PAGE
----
Welcome Recovery Friends and New Seekers,
Here are parts 2 & 3 to round out mt series on "Gambling Relapse Prevention" and it can be used for all types of addictions. In early recovery, we MUST have a "Daily Plan" ready at any time when we feel a build up, triggers, or urges come our way. It's a really good idea to start a daily journel as well. With journaling, you'll be able to loook back at them later on in your recovery and SEE hoe much growth you achieve on your journey. And remember to Live in the Moment, don't dwell on your past, and ODAAT!....*Cat*
Now I know many may think, WHY is she doing all this? I’ll tell you why. I shared in my book about “WHY” I started writing again to begin with. It was a newspaper story I read about a woman at an “Indian Casino Hotel.” She had a room there and must have had a very bad Relapse or Slip, because she shot herself with a shotgun in her room. There was a note left, but police only disclosed a part of the note, “and please tell my family I’m sorry, I had relapsed and could not stop my gambling.”
When I read that, a tear came down my cheek, as I could feel that woman’s pain. I knew exactly how she felt when she pulled that trigger. It’s because I almost was her, and could have been her! So I swore I would do all I could to help others who suffer, and who are stuck on the” INSANE CYCLE” of compulsive addicted gambling. NOT one more person should ever feel that “SUICIDE” is the only “OPTION” to quit your addicted gambling. I’m tired of all the loss of precious LIFE from Suicide from ALL TYPES of ADDICTIONS.
*WE NEED TO REMEMBER~WE ARE A WORK IN PROGRESS*!!
So get your tool box out and a notepad for PART 2 of Relapse Prevention….
I happen to read an article about Addiction & The Brain. There is a little part that I’ll share here, because it explains how the brain gets involved in the confusion of addicts and addictions….”Courtesy from http://www.azccg.org Which is a fantastic resource for Gambling Addiction help and information, “Arizona Council Of Compulsive Gambling.”
“Individuals who are more biologically at risk for addiction are likely to have a neurobiological basis for deficits in experiencing pleasure, reward and satisfaction. Additionally, they are more likely to be emotionally unstable and impulsive, or experience either over- or under-arousal. Addictive substances and behaviors act in some ways to “fix” such neurobiological risk factors. However, the addictive “cure” only serves to intensify the problem, by further aggravating the underlying biological problems.
Taken alone, this discussion of addiction in relation to the biology of the brain probably seems disheartening. But the mind is a component of the addiction equation, as well, and next month I’ll discuss tools for reducing our subservience to the brain’s neurotransmitter systems.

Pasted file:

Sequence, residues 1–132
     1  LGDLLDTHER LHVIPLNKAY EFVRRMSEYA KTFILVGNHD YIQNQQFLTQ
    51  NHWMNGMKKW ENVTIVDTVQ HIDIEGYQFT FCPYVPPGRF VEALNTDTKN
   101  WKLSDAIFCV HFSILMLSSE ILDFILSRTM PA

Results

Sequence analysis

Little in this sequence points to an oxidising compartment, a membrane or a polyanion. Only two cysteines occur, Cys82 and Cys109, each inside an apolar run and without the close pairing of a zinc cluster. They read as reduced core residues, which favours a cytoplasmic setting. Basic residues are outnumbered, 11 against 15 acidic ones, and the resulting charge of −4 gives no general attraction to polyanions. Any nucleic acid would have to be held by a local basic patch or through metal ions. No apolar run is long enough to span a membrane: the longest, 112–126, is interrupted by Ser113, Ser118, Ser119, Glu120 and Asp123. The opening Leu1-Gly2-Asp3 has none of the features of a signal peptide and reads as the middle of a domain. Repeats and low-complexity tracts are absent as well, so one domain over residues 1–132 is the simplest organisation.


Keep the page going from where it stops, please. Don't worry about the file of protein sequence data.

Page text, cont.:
However, it is important to recognize that medication helps the brain to function. While this may aid an individual to better utilize the mind, medication does not necessarily “heal” the mind or, by itself, stop addictive behavior. Ideally, the mind will be used to make healthy choices, not choosing to seek escape, euphoria, or relief via the quick fix of our addiction. However, we can change the chemistry of our brains through activities such as relaxation, prayer, meditation, eating mindfully, exercising and such. When you take a few minutes to breathe deeply and slowly, your brain chemistry automatically changes, your brain waves change.
One example is, when a compulsive gambler is gambling she or he changes the brain in the same way, since many gamblers report that gambling relaxes them. While this may seem true on the surface, gambling and other addictive behaviors only provide the illusion of providing this type of relief. If we took a brain image of someone who was gambling and compared it to someone who was meditating, we would have vastly different pictures.”…..
*This to me was fascinating. The brain is very complex, and I know a few of my mental disorders are a direct effect from my brain being over used or not enough chemicals in other area’s of my brain. And Yes, medication does help me, A LOT. So, now we have learned a little about the addicted brain, and my last post we talked about FEELINGS, and making a plan to prevent Relapse, and to USE the “Skills & Tools” we learn to cope with “urges, triggers, and everyday life. Here is the next area you need to explore to help keep you safe, and part of your relapse plan,*
IN EARLY RECOVERY YOU NEED TO:~ (Use the list of 37 Warning Signs in Part 1)
Here a just a few…